Then, seeing how his dark eyes flashed, I said: "Dear Roy! I know my words seem very strange; But I love one I cannot hope to wed. A river rolls between us, dark and deep. To cross it—were to stain with blood my hand. You force my speech on what I fain would keep In my own bosom, but you understand? My heart is given to love that’s sanctified, And now can feel no other.

Be you kind, Dear Roy, my brother! speak of this no more, Lest pleading and denying should divide The hearts so long united. Let me find In you my cousin and my friend of yore. And now come home. The morning, all too soon And unperceived, has melted into noon. Helen will miss us, and we must return."

He took my hand, and helped me to arise, Smiling upon me with his sad, dark eyes, Where passion’s fires had, sudden, ceased to burn.

"And so," he said, "too soon and unforeseen My friendship melted into love, Maurine. But, sweet! I am not wholly in the blame For what you term my folly. You forgot, So long we’d known each other, I had not In truth a brother’s or a cousin’s claim. But I remembered, when through every nerve Your lightest touch went thrilling; and began To love you with that human love of man For comely woman. By your coaxing arts, You won your way into my heart of hearts, And all Platonic feelings put to rout. A maid should never lay aside reserve With one who’s not her kinsman, out and out. But as we now, with measured steps, retrace The path we came, e’en so my heart I’ll send, At your command, back to the olden place, And strive to love you only as a friend." I felt the justice of his mild reproof, But answered, laughing, "’Tis the same old cry: ’The woman tempted me, and I did eat.’ Since Adam’s time we’ve heard it. But I’ll try And be more prudent, sir, and hold aloof The fruit I never once had thought so sweet ’Twould tempt you any. Now go dress for dinner, Thou sinned against! as also will the sinner. And guard each act, that no least look betray What’s passed between us."

Then I turned away And sought my room, low humming some old air That ceased upon the threshold; for mine eyes Fell on a face so glorified and fair All other senses, merged in that of sight, Were lost in contemplation of the bright And wond’rous picture, which had otherwise Made dim my vision.

Waiting in my room, Her whole face lit as by an inward flame That shed its halo ’round her, Helen stood; Her fair hands folded like a lily’s leaves Weighed down by happy dews of summer eves. Upon her cheek the colour went and came As sunlight flickers o’er a bed of bloom; And, like some slim young sapling of the wood, Her slender form leaned slightly; and her hair Fell ’round her loosely, in long curling strands All unconfined, and as by loving hands Tossed into bright confusion.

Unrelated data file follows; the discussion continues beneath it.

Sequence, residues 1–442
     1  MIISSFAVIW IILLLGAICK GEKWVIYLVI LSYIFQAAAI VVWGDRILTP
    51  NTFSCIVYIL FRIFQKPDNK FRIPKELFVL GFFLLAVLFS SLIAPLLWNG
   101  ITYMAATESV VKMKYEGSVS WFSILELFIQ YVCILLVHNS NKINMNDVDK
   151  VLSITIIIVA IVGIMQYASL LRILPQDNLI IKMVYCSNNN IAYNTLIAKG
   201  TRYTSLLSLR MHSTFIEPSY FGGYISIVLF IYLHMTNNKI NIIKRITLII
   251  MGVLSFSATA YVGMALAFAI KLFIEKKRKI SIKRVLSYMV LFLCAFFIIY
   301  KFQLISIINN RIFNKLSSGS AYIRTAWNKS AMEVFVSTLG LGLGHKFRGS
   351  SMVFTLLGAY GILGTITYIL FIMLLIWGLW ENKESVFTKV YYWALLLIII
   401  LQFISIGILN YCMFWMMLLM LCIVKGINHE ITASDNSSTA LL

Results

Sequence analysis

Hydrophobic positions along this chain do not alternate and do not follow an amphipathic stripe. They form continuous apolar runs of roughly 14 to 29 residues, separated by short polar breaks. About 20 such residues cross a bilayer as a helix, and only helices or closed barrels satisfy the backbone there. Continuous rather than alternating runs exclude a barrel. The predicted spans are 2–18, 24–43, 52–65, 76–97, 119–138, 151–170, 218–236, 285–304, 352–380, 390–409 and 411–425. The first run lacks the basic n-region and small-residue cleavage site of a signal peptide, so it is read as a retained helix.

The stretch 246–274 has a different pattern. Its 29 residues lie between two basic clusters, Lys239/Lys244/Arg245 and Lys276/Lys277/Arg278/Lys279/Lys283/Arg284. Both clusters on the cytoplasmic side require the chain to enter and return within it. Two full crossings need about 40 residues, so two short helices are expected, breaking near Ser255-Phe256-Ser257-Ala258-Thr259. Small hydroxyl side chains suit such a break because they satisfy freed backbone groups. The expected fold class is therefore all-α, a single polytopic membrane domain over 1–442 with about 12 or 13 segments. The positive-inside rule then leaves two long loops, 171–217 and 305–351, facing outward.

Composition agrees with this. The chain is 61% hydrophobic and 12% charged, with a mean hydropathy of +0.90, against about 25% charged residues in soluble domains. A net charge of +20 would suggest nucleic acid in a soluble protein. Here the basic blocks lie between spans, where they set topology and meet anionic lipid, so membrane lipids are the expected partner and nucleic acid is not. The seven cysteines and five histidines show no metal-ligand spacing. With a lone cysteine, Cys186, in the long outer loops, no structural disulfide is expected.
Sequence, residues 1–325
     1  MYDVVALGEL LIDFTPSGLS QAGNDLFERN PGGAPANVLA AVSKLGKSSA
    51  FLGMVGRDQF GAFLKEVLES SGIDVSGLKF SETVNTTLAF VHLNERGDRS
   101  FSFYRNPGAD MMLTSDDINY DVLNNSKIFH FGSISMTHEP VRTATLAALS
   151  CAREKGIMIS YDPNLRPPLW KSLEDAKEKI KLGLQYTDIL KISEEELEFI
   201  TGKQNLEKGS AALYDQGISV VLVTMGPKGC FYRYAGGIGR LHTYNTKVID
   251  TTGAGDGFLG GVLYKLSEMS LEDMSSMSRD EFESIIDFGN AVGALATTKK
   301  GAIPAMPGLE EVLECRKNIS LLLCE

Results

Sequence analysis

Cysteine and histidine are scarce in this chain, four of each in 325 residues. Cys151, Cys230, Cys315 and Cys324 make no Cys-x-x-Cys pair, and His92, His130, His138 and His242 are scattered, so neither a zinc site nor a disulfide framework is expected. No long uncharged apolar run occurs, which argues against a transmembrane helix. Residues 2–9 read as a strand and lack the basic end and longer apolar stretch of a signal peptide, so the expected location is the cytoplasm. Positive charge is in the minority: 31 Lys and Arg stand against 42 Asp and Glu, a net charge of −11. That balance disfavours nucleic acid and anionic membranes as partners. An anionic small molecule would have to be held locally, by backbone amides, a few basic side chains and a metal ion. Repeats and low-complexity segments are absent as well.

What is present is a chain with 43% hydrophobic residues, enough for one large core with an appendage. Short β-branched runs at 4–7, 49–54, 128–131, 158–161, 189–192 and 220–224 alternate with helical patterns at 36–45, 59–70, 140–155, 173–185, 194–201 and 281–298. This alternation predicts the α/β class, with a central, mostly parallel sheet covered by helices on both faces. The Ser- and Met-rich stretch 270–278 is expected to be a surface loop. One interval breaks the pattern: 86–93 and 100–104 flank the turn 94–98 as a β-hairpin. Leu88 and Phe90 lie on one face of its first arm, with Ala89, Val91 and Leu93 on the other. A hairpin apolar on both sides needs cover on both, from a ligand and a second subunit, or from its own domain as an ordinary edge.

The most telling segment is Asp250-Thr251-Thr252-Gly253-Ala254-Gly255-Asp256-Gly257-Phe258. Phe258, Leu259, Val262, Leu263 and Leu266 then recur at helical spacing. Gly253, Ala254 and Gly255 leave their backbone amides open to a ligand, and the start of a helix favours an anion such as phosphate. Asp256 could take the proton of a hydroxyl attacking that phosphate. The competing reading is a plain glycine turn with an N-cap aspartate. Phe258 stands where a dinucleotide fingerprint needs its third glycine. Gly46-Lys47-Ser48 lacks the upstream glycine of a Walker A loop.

Standing there, Her starry eyes uplifted, she did seem Like some unearthly creature of a dream; Until she started forward, gliding slowly, And broke the breathless silence, speaking lowly, As one grown meek, and humble in an hour, Bowing before some new and mighty power.

"Maurine, Maurine!" she murmured, and again, "Maurine, my own sweet friend, Maurine!"

And then, Laying her love-light hands upon my head, She leaned, and looked into my eyes, and said With voice that bore her joy in ev’ry tone, As winds that blow across a garden bed Are weighed with fragrance, "He is mine alone, And I am his—all his—his very own. So pledged this hour, by that most sacred tie Save one beneath God’s over-arching sky. I could not wait to tell you of my bliss: I want your blessing, sweetheart! and your kiss." So hiding my heart’s trouble with a smile, I leaned and kissed her dainty mouth; the while I felt a guilt-joy, as of some sweet sin, When my lips fell where his so late had been. And all day long I bore about with me A sense of shame—yet mixed with satisfaction, As some starved child might steal a loaf, and be Sad with the guilt resulting from her action, While yet the morsel in her mouth was sweet. That ev’ning when the house had settled down To sleep and quiet, to my room there crept A lithe young form, robed in a long white gown: With steps like fall of thistle-down she came, Her mouth smile-wreathed; and, breathing low my name, Nestled in graceful beauty at my feet.

"Sweetheart," she murmured softly, "ere I sleep, I needs must tell you all my tale of joy. Beginning where you left us—you and Roy. You saw the colour flame upon my cheek When Vivian spoke of staying. So did he; - And, when we were alone, he gazed at me With such a strange look in his wond’rous eyes. The silence deepened; and I tried to speak Upon some common topic, but could not, My heart was in such tumult.

In this wise Five happy moments glided by us, fraught With hours of feeling. Vivian rose up then, And came and stood by me, and stroked my hair. And, in his low voice, o’er and o’er again, Said, ’Helen, little Helen, frail and fair.’ Then took my face, and turned it to the light, And looking in my eyes, and seeing what Was shining from them, murmured, sweet and low, ’Dear eyes, you cannot veil the truth from sight. You love me, Helen! answer, is it so?’ And I made answer straightway, ’With my life And soul and strength I love you, O my love!’ He leaned and took me gently to his breast, And said, ’Here then this dainty head shall rest Henceforth for ever: O my little dove! My lily-bud—my fragile blossom-wife!’

And then I told him all my thoughts; and he Listened, with kisses for his comments, till My tale was finished. Then he said, ’I will Be frank with you, my darling, from the start, And hide no secret from you in my heart. I love you, Helen, but you are not first To rouse that love to being. Ere we met I loved a woman madly—never dreaming She was not all in truth she was in seeming. Enough! she proved to be that thing accursed Of God and man—a wily vain coquette. I hate myself for having loved her. Yet So much my heart spent on her, it must give A love less ardent, and less prodigal, Albeit just as tender and as true - A milder, yet a faithful love to you. Just as some evil fortune might befall A man’s great riches, causing him to live In some low cot, all unpretending, still As much his home—as much his loved retreat, As was the princely palace on the hill, E’en so I give you all that’s left, my sweet! Of my heart-fortune.’